An attack on the food supply gives the perpetrating group several benefits. The psychological and economic effect of targeting food supplies would be substantial; such an attack would be relatively low cost when compared to the economic effects it could cause; and would allow a weaker group to lessen the power imbalance between themselves and the state they are targeting.
Although scholars and policymakers largely agree that agroterrorism has much lower costs and technical barriers than bioterrorism with a human pathogen, there is a disagreement over whether an attack of any significant scale is technically feasible for terrorist groups. I argue that an attack on the food supply as a psychological mechanism of terror, coupled with the effects that would have on the US and global economy, merits taking the issue of agroterrorism seriously.
To get an accurate and timely assessment of US prevention and response capabilities, all agencies responsible for preparedness and response to agroterrorism should conduct a tabletop exercise wherein they respond to an agroterrorism attack. The Department of Homeland Security (DHS) recently established a Countering Weapons of Mass Destruction (CWMD) Office, whose mission is “to counter attempts by terrorists or other threat actors to carry out an attack against the United States or its interests using a weapon of mass destruction.” As the CWMD Office merges extant DHS offices that deal with WMD, leaders have an opportunity to consider agroterrorism as it relates to their mission space. The CWMD Office should sponsor the suggested tabletop exercise and use its findings to identify gaps in existing capabilities.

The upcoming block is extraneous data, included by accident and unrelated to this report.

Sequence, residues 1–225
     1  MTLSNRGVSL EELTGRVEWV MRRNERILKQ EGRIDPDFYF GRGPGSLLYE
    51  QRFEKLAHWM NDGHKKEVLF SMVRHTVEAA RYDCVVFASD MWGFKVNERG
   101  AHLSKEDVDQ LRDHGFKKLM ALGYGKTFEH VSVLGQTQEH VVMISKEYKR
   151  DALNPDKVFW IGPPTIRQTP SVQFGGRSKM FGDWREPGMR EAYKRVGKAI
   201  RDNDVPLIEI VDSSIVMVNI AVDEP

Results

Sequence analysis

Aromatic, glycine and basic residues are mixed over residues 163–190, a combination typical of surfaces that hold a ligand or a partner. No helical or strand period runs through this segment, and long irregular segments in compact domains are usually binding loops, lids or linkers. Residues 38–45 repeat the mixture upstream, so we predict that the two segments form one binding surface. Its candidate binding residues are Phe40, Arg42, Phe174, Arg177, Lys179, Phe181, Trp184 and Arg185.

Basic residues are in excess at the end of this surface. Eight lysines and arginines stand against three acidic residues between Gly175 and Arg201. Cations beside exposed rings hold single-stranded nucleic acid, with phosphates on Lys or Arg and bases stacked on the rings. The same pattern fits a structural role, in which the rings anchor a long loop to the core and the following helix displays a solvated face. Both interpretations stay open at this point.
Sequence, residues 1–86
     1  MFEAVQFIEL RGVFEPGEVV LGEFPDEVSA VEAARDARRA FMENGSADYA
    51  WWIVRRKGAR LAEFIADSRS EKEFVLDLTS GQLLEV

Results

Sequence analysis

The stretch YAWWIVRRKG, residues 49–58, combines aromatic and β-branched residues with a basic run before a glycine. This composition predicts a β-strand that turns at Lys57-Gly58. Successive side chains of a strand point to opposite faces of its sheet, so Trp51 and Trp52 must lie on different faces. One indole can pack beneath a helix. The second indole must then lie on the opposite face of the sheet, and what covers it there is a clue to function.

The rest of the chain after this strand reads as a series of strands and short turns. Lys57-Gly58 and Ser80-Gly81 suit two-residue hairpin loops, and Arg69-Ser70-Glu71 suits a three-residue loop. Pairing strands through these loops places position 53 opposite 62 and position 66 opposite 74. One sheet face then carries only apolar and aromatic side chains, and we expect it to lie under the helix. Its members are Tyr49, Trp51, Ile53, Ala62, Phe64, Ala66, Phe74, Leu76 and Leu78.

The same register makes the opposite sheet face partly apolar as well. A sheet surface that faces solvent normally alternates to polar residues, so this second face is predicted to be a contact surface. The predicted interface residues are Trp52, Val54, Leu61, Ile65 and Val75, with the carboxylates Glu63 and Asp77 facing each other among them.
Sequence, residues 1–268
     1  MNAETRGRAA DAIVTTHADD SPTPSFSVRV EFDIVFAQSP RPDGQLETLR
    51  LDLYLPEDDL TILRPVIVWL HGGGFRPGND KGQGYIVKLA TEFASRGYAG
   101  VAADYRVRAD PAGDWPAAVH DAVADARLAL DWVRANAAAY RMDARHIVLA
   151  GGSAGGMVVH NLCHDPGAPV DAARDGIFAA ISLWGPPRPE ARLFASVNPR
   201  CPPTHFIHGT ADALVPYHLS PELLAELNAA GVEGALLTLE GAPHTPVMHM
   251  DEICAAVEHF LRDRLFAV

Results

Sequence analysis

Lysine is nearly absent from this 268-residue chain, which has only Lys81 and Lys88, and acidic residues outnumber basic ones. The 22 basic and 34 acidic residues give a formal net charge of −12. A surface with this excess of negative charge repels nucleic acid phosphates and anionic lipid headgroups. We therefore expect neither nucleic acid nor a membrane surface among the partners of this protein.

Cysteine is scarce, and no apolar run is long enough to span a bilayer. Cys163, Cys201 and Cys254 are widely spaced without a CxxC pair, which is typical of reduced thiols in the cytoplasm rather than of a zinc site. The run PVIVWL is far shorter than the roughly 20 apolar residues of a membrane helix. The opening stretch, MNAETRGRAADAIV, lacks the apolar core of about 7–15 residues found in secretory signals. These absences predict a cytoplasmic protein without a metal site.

Read the full article by Stevie Kiesel, MS at the The Pandora Report
Agroterrorism: What Is the Threat and What Can Be Done About It? RAND Corporation